30 Quite warm and pleasant till 2 o'clock then it rained awhile and cleared off a little cooler.

May, 1861

1 Quite cool today. It rained a little this morning and a little in the afternoon. A little hail this afternoon. The clouds looked like snow.

2 Very cold this morning. The ground froze nearly an inch thick. A little more moderate today, yet it is quite cool. A good fire feels comfortable. Went to town this eve. Got some muslin to make a flag.

3 Quite cold this morning. The ground froze a little. Went to town again this morning to get more stuff for a flag. Had no school on account of the funeral of John Osmun's wife. In the afternoon went to church to the funeral. Mr Lane preached. Psalm 90 ver 12.

4 Quite pleasant and moderate. It snowed yesterday afternoon. This forenoon dug a hole for the flag pole. And with M. White's team and hand got a pole 75 ft. long to the school house. In the afternoon got a few men (15) and raised it. The ladies had got the flag done. 9 X 4½. After the pole was raised, a meeting was organized. Mr. Skinner, chairman, E. A. Goodwin, Sec'ty. Dr. L. Cook and myself made a few remarks by request.

5 A lovely day. Went north Rusling White to Townsbury. Took dinner at W. T. Henry. Heard Bro. DeCamp preach. Text St. John chap 3 ver 14. Took tea at John Whitesells and got back to Rockport.

6 It rained quite hard all day. In the evening a heavy thunder shower.

7 Very lovely and pleasant this morning. Had 4 short and heavy thunder showers this afternoon. It blowed hard from P. M. Went to town after school and back.

8 Another lovely day. A little hail toward night.

9 Another fine day. A little cool. About 20 volunteers left Hackettstown this morning.

10 A very fine day. About four o'clock it began to rain. An attempt was made to burn Washington city. It was fired in four different places, but was soon put out. It rained quite hard in the evening.

11 Cloudy this forenoon: a little foggy. In the afternoon quite fair and pleasant. People planted corn. Went to town after school. _____ volunteers have come back for some reason or another.

12 Very warm and pleasant today. Went to town to meeting. Got there in time to attend the S. School rehearsal. Bro. Lippincott preached. Text Titus 2- -14: 28 years ago he formed the first class in Hackettstown and made the first regular appointment. When he traveled Warren Co. 1400 joined the church.

13 Quite cloudy today. No rain. Corn planting going on busily. Yesterday attended S. School and class meeting in town. In the eve attended and led a prayer-meeting in my school house. Had a thunder shower late in the evening.

14 Cloudy and a little foggy in the morning. About noon it cleared off quite warm. Went to town after school and back again.

15 A very lovely day. Clear and quite warm. Nothing unusual occurred.

16 Another very pleasant day. A very little cool. Got a ride to Hackettstown and back. No news of much account. Rec'd a letter from my sister, L.L. Goodwin. A little cool in the eve.

17 A very pleasant day but rather cool. My back feels very badly and has ever since I got back from Ohio.

18 Quite a pleasant day: a little windy and cool. After working a while in the garden, cut across lots to Townsbury. Took dinner at Wm. Henry's. Then went to Vienna. To a Union demonstration and flag raising. Feeling quite well I volunteered to go in the Warren Brigade. This would be a Brigade composed of men from Warren County, New Jersey.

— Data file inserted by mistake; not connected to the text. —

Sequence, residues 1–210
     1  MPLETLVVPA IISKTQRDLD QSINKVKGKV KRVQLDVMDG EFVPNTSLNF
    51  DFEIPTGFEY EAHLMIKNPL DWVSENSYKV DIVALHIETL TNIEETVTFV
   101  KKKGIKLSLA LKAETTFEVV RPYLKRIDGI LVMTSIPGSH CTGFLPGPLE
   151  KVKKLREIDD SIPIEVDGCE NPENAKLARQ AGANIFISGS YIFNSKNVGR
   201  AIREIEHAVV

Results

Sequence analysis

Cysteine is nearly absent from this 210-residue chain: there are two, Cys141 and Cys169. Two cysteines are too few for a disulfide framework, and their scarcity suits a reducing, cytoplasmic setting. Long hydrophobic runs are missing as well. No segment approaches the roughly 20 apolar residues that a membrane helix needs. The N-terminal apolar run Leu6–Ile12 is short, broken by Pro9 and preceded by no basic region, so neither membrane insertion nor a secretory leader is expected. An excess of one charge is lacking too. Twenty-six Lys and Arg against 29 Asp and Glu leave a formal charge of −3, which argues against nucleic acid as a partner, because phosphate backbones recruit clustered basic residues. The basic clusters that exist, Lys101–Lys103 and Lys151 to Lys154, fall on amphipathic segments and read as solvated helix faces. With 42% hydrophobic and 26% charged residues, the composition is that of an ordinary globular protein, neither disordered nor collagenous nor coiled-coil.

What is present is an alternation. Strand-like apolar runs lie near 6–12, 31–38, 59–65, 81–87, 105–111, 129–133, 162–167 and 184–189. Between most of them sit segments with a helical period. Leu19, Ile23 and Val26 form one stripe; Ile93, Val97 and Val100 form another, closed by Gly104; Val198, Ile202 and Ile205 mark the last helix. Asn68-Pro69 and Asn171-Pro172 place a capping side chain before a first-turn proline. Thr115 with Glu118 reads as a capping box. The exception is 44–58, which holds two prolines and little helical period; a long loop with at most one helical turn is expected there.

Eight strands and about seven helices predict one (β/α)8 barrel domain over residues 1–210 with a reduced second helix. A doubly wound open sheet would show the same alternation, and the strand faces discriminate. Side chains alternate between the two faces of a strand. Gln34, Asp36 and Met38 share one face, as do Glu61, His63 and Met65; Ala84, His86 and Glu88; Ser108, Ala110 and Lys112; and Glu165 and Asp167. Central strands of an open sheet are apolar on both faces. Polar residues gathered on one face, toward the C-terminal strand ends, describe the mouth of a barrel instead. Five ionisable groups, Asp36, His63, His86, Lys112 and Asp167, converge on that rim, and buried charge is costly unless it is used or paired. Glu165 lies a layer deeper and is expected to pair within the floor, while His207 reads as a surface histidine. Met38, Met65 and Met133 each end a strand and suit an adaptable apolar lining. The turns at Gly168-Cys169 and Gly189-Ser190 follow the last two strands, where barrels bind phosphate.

19 Last night staid at David Parks. Another lovely day. (Sunday) Heard Bro. Vanhorn Text, Isaiah 28- -7. A first rate temperance sermon. It was much needed. In the afternoon went to the Sunday School and class meeting. In the evening attended church.

20 Quite rainy today. Had school. Gave notice that I should quit. This movement of mine is a matter of conscience with me. If I am not accepted or the company does not go, I shall feel satisfied.

21 A very lovely day. My employers are loth to have me go, but under the circumstances they feel like making a little sacrifice. Went to Harrsville and was examined. Collect my money without any trouble.

22 Another warm and lovely day. Finished collecting my money; got every cent. Sold my watch for $7.00. It was less than its worth, but I thought that I could use the money to greater advantage than the watch.

23 Expected to leave for Trenton but the Brigade was not full. So wait another day. Went to Vienna. Very warm today. Staid at Parks.

24 Took the train for New York. I shall try to get on a Man of War. The Warren Company is so uncertain about being filled. Arrived in N.Y. at 10½ A. M. Put up at L. H. Crooks, 84 Chatham St. Went to West 47th St. and saw my brother Charles and his wife.

25 Had considerable rain with thunder and lightning. Enlisted as a volunteer in the Naval Brigade. Sent letters to my sister, H. L. Stinson, and other friends. Sent three dollars to G. Widener, Belvidere, one dollar to Wm. Henry. Went to the barracks at old Quarantine station, Staten Island. Slept in the officers quarters. Did not sleep much for the men had had liberty and a great many were drunk. On the 24th he indicates that he " shall try to get on a Man of War." On the 25 he enlists in the Naval Brigade. After a disorganized beginning, the unit eventually became the 99th New York Infantry Regiment with a specific mission for shore guard. Goodwin, raised in a sea going family, probably had been to sea himself and would have been comfortable with this type of duty.

26 A very fine day. A part of our company were kept on guard. But I and another man got out before it was set and took a walk on the Island. Had good fare today. The chaplain preached today. Text Psalm 137, verses 5 & 6. Slept in the quarters.

27 Another pleasant day. Went with a man to the hospital Seaman's Retreat. On Saturday night some of the Irishmen stole a barrel of whiskey and were very drunk and noisy.